Val-d’Or’s annual Gabriel Commanda Walk and racial awareness week

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It was a beautiful, sunny day in Val-d’Or when a record number of people participated in the 17th annual Gabriel Commanda Walk March 23. The event is part of the city’s annual Week for the Elimination of Racial Discrimination organized by the Val-d’Or Native Friendship Centre.

The International Day for the Elimination of Racial Discrimination is held every year on March 21. It was on that day in 1960s South Africa that police opened fire and killed 69 people in Sharpeville at a peaceful anti-apartheid demonstration. The United Nations adopted the date in 1966 as a message to the international community to combat racial discrimination.

In Val-d’Or, a city with a troubled history of racial friction and police abuses of Indigenous people, the activities are held during the week of March 21 and the central event is the Gabriel Commanda Walk.

This year’s occasion saw over a thousand people participate, including people of all ages from schoolchildren to mayors and even MP Romeo Saganash.

According to Edith Cloutier, executive director of the Val-d’Or Native Friendship Centre, the events of the week were a lot of work but they were also their most successful to date.

The Gabriel Commanda Walk started 17 years ago. Cloutier said the Friendship Centre has always celebrated March 21 as the international day against racism, but then in the year 2000 they decided to do more.

“We needed to invest more energy in the fight against racism for all sorts of reasons so the Friendship Centre took a lead in getting the whole week organized, now we call it the week against racism or the week against racial discrimination,” Cloutier said.

The walk was named after Gabriel Commanda, a Native guide from Kitigan Zibi who played a major role in the history and founding of the City of Val-d’Or. Back in 1923, while working as a guide for prospector Robert C. Clark, Commanda discovered a large gold vein that would eventually become the Lamaque mine and lead to the gold rush in the Abitibi region.


In 1967, Val-d’Or recognized Commanda’s contributions and a street and park were named after him.

“Gabriel Commanda is seen as a bridge builder between nations,” Cloutier said.

Indeed Commanda’s “bridge-building” qualities were in effect at this year’s function as members of both the Native and non-Native communities were in attendance.

The large participation from Val-d’Or schools was inspiring for Cloutier. She says there has always been good involvement from students and teachers, but this year was special.

“That is very interesting because we know at a very young age, that is when we can do a lot of sensitization about how racism can affect your lives and how racism is not right,” Cloutier said, “So we were very happy having the schools of Val-d’Or attending.”

Cloutier said students and teachers from six or seven schools in Val-d’Or took part including the Golden Valley School and the school in Lac-Simon, which closed for the day to allow its students to participate.


Val-d’Or Mayor Pierre Corbeil said he has been involved in almost every walk since it began in 2000 and this year he walked with Amnesty International Canada’s French-language executive director, Beatrice Vaugrante, who was made the honorary president of the event.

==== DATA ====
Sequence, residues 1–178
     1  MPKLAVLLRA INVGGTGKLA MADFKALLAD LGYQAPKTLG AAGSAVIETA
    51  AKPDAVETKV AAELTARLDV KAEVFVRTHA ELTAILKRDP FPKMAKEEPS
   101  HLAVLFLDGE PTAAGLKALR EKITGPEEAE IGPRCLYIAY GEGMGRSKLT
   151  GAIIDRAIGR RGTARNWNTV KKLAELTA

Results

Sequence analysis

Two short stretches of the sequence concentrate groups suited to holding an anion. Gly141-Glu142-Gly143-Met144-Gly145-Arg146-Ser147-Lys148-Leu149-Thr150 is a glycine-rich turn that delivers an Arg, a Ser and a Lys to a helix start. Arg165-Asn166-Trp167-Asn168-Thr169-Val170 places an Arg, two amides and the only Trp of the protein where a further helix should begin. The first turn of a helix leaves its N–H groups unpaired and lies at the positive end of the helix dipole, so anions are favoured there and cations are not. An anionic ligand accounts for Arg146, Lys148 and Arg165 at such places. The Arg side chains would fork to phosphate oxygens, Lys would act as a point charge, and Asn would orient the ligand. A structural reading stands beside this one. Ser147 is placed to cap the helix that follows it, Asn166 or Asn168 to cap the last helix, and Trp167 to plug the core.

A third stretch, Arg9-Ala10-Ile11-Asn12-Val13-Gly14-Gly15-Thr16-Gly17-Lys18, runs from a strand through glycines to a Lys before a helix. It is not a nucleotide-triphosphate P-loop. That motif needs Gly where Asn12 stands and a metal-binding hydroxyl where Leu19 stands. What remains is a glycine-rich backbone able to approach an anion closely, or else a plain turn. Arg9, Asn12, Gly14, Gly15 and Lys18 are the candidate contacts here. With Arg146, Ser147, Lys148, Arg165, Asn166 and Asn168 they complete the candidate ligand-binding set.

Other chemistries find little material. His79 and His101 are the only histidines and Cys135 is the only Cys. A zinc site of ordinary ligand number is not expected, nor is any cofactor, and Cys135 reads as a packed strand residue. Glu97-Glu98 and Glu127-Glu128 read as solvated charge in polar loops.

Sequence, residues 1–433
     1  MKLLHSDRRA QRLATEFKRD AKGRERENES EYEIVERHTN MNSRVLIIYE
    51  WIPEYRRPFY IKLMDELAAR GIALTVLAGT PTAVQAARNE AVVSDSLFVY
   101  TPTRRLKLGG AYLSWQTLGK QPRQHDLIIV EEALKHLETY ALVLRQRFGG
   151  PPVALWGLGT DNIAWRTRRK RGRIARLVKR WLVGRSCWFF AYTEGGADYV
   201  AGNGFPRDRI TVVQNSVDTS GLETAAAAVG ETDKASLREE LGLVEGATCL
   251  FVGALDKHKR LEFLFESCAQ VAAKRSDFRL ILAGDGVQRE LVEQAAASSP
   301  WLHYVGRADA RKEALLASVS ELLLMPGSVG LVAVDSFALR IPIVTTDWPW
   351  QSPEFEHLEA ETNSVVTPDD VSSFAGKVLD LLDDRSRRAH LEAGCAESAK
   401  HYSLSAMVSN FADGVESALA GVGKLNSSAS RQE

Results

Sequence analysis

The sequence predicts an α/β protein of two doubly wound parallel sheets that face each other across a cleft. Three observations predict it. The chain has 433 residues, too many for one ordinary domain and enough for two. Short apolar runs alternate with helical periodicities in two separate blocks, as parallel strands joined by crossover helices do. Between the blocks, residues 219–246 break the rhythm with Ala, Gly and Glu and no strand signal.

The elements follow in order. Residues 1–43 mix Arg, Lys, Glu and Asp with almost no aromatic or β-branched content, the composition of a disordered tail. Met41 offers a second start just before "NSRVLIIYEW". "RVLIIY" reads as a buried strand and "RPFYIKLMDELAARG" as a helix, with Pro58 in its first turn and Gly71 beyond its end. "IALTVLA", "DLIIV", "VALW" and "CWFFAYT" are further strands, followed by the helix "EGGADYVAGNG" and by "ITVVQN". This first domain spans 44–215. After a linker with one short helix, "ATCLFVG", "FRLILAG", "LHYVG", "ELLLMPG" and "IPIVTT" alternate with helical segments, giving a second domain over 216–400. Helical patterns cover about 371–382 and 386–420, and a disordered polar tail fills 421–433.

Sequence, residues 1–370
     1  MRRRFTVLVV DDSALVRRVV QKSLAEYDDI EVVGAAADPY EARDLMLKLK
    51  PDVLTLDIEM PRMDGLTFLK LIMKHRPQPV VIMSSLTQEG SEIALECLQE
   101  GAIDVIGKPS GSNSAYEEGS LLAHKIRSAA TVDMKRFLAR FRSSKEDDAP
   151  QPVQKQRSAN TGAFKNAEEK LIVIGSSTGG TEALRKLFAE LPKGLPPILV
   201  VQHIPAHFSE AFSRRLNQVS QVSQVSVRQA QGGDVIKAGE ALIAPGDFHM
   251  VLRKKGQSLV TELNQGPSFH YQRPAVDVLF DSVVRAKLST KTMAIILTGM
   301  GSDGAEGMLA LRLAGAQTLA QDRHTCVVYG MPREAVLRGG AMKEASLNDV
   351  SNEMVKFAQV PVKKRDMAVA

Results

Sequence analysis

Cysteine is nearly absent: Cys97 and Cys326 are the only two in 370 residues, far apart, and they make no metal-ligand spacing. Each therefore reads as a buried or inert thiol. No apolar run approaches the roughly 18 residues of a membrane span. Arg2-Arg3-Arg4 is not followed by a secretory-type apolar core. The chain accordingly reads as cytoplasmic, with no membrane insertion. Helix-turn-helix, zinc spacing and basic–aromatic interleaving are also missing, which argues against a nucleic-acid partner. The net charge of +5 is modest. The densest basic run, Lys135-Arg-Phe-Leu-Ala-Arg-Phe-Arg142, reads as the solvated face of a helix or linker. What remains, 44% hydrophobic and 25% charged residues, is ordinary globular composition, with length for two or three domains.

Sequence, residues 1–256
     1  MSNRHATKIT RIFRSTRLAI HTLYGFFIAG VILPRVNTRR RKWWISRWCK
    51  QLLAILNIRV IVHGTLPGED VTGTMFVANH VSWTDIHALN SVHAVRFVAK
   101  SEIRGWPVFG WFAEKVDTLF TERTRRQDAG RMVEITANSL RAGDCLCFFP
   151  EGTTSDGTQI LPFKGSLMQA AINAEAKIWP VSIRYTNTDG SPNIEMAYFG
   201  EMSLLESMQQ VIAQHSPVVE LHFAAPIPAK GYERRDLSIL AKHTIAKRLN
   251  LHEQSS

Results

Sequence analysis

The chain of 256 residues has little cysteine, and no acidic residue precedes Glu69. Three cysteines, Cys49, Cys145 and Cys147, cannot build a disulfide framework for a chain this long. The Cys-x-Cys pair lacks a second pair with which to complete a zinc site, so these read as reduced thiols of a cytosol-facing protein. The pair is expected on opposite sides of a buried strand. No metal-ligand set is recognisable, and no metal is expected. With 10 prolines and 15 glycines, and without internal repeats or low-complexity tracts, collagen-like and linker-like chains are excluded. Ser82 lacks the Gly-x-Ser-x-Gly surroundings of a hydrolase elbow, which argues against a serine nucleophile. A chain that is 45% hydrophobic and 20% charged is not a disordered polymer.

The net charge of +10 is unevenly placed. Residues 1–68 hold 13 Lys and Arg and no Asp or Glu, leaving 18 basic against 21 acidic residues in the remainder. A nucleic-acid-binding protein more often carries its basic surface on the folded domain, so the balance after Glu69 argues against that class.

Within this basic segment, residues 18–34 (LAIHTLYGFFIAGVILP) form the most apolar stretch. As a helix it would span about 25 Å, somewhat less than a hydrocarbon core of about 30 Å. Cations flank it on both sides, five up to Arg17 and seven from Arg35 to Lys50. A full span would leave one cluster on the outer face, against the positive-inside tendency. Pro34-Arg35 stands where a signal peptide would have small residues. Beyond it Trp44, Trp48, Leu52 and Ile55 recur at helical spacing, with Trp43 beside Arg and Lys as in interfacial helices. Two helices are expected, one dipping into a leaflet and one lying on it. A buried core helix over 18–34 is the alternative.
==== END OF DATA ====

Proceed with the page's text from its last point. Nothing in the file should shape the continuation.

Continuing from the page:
Colbeil also participated in a summit of nine Quebec mayors and Native Friendship Centre leaders at the Université du Québec en AbitibiTémiscamingue, an event attended by close to 100 people.

According to Corbeil everyone in attendance was enthusiastic about promoting collaboration and dialogue about the important subject of discrimination in their respective communities.

“We were there to initiate a movement to respond to the ‘take action’ invitation of the Truth and Reconciliation Commission (TRC),” Corbeil said.

What Corbeil was referring to were the recommendations, some addressed to municipalities, given by the TRC. Corbeil said the Val-d’Or plan involves starting with the two or three “most important” recommendations and then to continue to work on the others.

The Val-d’Or mayor recognized that nine Quebec communities is a small start but said it is also an important step in initiating discussions and implementing action plans.

“We have to recognize that a lot of Native people choose to stay in our different municipalities and live or pass through our urban areas,” Corbeil said. “We have to work together to promote dialogue to improve urban Aboriginal citizens’ quality of life.”


Among some of the topics discussed were availability of affordable housing, combating discrimination and racism, and a greater awareness among municipal stakeholders regarding the history and realities of Indigenous peoples.

This was the second meeting of its kind. The first summit was held October 2016 in La Tuque. Corbeil said he is pleased that the initiative is being continued. Next year’s meeting will be in Sept- Îles followed by Chibougamau in 2019.

There is a joint committee to assure the implementation of the directives adopted at these meetings. Corbeil said Val-d’Or will continue to take action to improve the quality of life for its Native residents.

The mayor also stressed the importance of improving dialogue between Natives and non-Natives in Val-d’Or and in efforts to improve relations, “not only during sports, education and commercial activities but in all situations.”

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